The nice thing about my job is that I get to travel; the bad thing, of course, is that I have to travel. My clinics take place around the country, which means I get to see a lot of different people in a lot of different places. It also means I spend a lot of time either in airports or driving down interstates. People are feeling better about themselves because of the growth in the stock market, which has created a rise in consumer confidence; everywhere I go, it is crowded, especially airports and highways. I was in Los Angeles earlier this summer and the entire community was in cars, going somewhere. Crazy.
People with rising prosperity are good for the clinic business, and I have been taking advantage of it. Clinics are a source of income (which is nice) and I enjoy them (which is even better.) Right now I am teaching across the disciplines at every level. I enjoy the contrast of going from a specialty clinic at a well-known venue, attended by serious young hunter/jumper riders (all jumping 1.0 meter or higher) who were pre-selected for that clinic, to an unfamiliar new facility hosting a clinic attended by “nervous novices” who need the rails spray-painted on the ground if they are to be successful.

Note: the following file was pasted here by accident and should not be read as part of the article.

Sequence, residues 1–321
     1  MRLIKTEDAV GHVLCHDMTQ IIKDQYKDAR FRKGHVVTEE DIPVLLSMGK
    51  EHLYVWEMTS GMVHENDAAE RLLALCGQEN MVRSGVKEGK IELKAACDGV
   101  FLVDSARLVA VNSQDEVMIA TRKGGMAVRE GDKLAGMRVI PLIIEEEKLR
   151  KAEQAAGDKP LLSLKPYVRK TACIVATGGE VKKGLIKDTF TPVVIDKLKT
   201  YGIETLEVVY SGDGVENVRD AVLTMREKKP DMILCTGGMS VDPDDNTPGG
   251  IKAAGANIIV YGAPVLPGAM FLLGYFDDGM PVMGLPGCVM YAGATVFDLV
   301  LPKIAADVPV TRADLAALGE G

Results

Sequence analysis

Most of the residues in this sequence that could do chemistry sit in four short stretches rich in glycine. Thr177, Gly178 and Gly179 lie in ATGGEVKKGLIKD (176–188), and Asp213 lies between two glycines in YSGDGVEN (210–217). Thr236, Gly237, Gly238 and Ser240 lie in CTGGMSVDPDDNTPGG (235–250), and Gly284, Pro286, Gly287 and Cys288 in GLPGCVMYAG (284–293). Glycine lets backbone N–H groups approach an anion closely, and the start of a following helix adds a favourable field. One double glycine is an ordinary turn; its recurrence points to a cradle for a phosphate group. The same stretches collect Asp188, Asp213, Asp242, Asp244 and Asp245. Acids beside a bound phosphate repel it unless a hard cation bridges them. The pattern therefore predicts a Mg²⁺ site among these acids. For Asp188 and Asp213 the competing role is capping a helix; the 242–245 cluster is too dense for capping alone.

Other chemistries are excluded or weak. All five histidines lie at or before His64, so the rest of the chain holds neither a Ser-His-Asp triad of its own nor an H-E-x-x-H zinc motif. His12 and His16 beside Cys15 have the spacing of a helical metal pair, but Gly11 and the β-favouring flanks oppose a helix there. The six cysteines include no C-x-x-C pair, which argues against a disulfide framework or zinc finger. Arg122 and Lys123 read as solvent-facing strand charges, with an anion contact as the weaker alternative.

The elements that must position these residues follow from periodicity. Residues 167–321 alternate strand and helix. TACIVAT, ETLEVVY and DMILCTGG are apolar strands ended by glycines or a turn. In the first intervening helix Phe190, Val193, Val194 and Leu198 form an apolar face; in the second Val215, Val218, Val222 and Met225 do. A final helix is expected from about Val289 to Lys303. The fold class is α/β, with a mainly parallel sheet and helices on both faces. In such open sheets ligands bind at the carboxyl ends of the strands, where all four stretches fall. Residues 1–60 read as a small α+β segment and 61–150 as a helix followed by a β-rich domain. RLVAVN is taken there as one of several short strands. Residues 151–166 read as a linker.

Given all this, I want to share with you some things I have noticed this year, and talk about habits and trends—some new and some old, some universal and some specific to a discipline—and how, when it comes to really good riding, the disciplines overlap more than they differ.
Connection Comes First
Regardless of the discipline, I always begin my clinics by talking about the rider’s connection with her horse. However they say it, all coaches talk about this early on. The late Bill Steinkraus was very articulate and very particular about the words he used to describe sensations.Although he agreed with the concept of “connection,” he didn’t like the word. In one of our many discussions, Bill told me, “… I have always felt that ‘contact’ and even Bert’s [Bert de Némethy’s] ‘connection’ are relatively clumsy, inexpressive words and prefer the French ‘appui,’ defined as ‘the reciprocal sentiment between the horse’s mouth and the rider’s hand.’ Good hands and l’appui bon come together.” That’s heavy stuff, and I’ll come back to it in a minute.
See also: Goodbye to Cap'nbilly
Specialist vs. Complete Horseman
I recently taught a jumper clinic for the United States Hunter Jumper Association, and I had a ball. The riders had been pre-selected, which raised their level of expertise above that in my typical clinics. I’ve been planning this column ever since that exposure to good young riders from a different discipline.